Please register or login

Welcome to ScubaBoard, the world's largest scuba diving community. Registration is not required to read the forums, but we encourage you to join. Joining has its benefits and enables you to participate in the discussions.

Benefits of registering include

  • Ability to post and comment on topics and discussions.
  • A Free photo gallery to share your dive photos with the world.
  • You can make this box go away

Joining is quick and easy. Log in or Register now!


The Lorax for the Kelp Forest
Scuba Legend
Reaction score
Santa Catalina Island, CA
# of dives
2500 - 4999

Back when I was a senior in high school I was trying to decide which college to go to. I had been accepted to Harvard, Yale, Cornell, Stanford and Michigan State (MSU). In fact Harvard had actively recruited me starting in my junior year. However, despite being valedictorian of my class, I wasn't sure I was up to the challenge and also wanted to be near my girlfriend of that time.

We put the names of the five colleges into a hat and I drew one out. It was MSU, Mom's alma mater and later that of my younger sister Judy. Dad seemed a bit hesitant about that saying he thought I should venture out further away from Chicago. I pulled a second name out of the hat and it was Harvard. The rest is history!

Although Dad wanted me to venture out (and Mom may have feared I'd bring my laundry home every other weekend), there are some species that like to keep the kids close to home. One that I discovered my first year on the island is the proliferating or brooding anemone, Epiactis prolifera. We found it on drifting kelp rafts that we sampled in my lab at Toyon and saw others while diving, usually attached to larger brown algae.

The specimens that I found were all orange to pink in color. Their base or column may have lines radiating out from it. Jensen et al. Beneath Pacific Tides indicates that some, believed to be of the same species, are greenish in color. That source says that the pinkish ones are usually found in high current habitats while the greenish ones live in eelgrass beds. The geographic range of this species is from SE Alaska to San Diego, so the individuals in our waters are near the southern end of their range.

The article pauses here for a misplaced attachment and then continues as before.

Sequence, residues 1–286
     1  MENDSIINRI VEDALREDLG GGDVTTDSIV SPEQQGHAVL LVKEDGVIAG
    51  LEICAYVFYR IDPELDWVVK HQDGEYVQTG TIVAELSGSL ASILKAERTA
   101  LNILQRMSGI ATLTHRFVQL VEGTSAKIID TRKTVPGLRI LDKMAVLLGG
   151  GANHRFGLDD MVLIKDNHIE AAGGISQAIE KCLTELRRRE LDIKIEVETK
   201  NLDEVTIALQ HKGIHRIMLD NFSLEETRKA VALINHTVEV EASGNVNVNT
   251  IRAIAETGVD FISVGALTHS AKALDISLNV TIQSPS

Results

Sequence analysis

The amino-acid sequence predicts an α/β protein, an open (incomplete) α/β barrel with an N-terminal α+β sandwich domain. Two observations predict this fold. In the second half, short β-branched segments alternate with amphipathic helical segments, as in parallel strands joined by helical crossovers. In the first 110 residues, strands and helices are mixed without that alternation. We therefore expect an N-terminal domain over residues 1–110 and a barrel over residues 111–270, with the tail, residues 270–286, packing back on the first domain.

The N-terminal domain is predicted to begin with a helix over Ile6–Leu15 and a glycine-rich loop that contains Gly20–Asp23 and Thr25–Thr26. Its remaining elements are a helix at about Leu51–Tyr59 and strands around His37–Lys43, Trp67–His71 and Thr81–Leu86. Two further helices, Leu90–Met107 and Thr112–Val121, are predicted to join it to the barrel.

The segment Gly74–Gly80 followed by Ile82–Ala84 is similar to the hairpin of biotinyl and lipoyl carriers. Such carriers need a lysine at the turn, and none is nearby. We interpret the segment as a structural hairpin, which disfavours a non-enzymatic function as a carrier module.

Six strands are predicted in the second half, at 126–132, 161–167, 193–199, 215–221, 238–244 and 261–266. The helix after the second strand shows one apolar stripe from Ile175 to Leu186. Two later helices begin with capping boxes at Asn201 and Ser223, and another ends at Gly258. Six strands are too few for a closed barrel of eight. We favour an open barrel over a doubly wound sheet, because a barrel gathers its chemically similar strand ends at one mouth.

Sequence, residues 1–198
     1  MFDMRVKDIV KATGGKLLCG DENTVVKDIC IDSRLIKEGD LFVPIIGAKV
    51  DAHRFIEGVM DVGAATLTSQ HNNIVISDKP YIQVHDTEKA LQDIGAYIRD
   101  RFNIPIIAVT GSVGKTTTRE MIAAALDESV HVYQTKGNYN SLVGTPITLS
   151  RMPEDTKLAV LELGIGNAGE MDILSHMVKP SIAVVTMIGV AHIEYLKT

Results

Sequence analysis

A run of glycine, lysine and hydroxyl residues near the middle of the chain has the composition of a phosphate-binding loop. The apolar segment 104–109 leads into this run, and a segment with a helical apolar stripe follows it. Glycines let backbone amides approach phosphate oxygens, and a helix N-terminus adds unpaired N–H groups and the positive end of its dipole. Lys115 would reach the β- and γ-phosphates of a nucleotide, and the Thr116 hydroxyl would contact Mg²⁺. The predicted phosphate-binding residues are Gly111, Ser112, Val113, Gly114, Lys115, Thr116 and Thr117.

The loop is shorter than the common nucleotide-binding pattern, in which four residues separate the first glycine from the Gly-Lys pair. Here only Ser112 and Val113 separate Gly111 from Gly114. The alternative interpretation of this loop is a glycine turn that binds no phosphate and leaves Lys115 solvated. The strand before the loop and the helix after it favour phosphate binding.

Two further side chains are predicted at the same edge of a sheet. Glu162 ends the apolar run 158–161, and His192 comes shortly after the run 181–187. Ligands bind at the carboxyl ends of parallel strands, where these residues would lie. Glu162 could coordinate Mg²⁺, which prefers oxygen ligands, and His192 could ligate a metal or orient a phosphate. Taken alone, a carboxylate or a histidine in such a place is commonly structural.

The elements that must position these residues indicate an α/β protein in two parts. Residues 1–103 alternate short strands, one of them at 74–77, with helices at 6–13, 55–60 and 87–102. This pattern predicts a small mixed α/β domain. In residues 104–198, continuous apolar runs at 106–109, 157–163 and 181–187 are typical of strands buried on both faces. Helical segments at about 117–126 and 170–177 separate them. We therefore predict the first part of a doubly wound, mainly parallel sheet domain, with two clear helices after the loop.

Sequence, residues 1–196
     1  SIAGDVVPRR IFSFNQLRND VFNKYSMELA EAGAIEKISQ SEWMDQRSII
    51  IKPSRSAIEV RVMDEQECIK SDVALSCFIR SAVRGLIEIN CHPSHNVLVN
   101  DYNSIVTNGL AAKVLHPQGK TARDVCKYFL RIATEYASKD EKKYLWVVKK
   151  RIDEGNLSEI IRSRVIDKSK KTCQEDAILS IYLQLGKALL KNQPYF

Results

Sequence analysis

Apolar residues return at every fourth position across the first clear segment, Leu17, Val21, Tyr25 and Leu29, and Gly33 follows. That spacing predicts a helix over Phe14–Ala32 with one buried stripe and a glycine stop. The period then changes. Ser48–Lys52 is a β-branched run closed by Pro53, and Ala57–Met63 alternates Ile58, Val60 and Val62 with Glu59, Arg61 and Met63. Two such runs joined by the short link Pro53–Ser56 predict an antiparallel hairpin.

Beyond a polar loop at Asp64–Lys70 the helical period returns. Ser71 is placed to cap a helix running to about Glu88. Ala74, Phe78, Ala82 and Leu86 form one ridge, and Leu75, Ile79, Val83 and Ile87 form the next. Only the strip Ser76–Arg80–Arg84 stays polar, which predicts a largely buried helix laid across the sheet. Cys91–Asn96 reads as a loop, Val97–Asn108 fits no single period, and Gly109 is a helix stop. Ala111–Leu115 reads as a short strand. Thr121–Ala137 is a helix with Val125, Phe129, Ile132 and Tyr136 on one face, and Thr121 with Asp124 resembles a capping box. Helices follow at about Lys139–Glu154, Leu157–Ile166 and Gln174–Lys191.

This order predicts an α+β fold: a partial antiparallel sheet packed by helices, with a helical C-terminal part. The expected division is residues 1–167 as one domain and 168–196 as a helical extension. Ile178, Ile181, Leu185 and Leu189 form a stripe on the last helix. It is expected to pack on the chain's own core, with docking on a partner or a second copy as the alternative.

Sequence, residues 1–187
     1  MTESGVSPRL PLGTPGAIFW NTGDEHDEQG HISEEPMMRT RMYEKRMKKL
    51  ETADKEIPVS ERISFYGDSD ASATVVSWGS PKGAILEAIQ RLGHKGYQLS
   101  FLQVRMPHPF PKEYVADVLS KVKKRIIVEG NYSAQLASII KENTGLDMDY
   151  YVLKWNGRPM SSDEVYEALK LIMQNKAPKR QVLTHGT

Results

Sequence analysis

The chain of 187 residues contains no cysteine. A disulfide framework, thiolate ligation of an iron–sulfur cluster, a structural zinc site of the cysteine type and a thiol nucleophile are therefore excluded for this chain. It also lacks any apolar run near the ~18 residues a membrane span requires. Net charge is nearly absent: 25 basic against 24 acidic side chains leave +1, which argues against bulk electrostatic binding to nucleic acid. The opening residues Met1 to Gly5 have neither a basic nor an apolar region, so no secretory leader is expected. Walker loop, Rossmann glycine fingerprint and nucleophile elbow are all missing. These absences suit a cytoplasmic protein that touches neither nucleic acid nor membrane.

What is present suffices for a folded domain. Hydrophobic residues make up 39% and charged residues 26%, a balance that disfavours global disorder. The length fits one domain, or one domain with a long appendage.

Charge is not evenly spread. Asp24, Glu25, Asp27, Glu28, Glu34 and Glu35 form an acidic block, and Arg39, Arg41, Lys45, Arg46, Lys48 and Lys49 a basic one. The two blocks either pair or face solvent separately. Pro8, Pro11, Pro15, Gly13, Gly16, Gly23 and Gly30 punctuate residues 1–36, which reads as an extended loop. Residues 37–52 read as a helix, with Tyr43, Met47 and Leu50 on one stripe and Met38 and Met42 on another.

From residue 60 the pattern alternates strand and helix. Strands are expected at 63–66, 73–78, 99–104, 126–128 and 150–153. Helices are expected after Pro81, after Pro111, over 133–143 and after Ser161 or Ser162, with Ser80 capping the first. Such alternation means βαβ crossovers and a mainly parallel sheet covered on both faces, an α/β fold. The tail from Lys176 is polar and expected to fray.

This species gets its common names from the fact that it reproduces year-round and broods its young for several months with up to 40 kids present at a time. Certainly couldn't afford child care for that many! Young adults are female but later they become synchronous hermaphrodites with both sex organs in each individual. Although fertilization usually involves more than one anemone, they can also self-fertilize.

After a few months the youngsters decide to see the world and crawl away from the Mommy/Daddy. Since there is no planktonic larval stage, they can't travel far. Getting to Catalina or any of the other Channel Islands might be too difficult a trip... unless they attached to a drifting kelp raft to see the world. Finding individuals of this species on such rafts proved that they can hitch a ride out to our island paradise.

These anemones are too small (just over an inch or so) to capture large prey. It is believed they feed on small crustaceans. In turn, as members of The Mutual Eating Society, they are eaten by the nudibranch Aeolidia papillosa, the leather star Dermasterias imbricata and a few fish. I've never tried anemone... and doubt I ever will!

© 2021 Dr. Bill Bushing. For the entire archived set of over 900 "Dive Dry" columns, visit my website Star Thrower Educational Multimedia (S.T.E.M.) Home Page

Image caption: Two images of the brooding anemone taken on rocks in my lab tanks at the Catalina Island School (Toyon Bay) way back in the early 70s; its nudibranch and sea star predators.

DDDB 899 epiactis prolifera sm.jpg

Top Bottom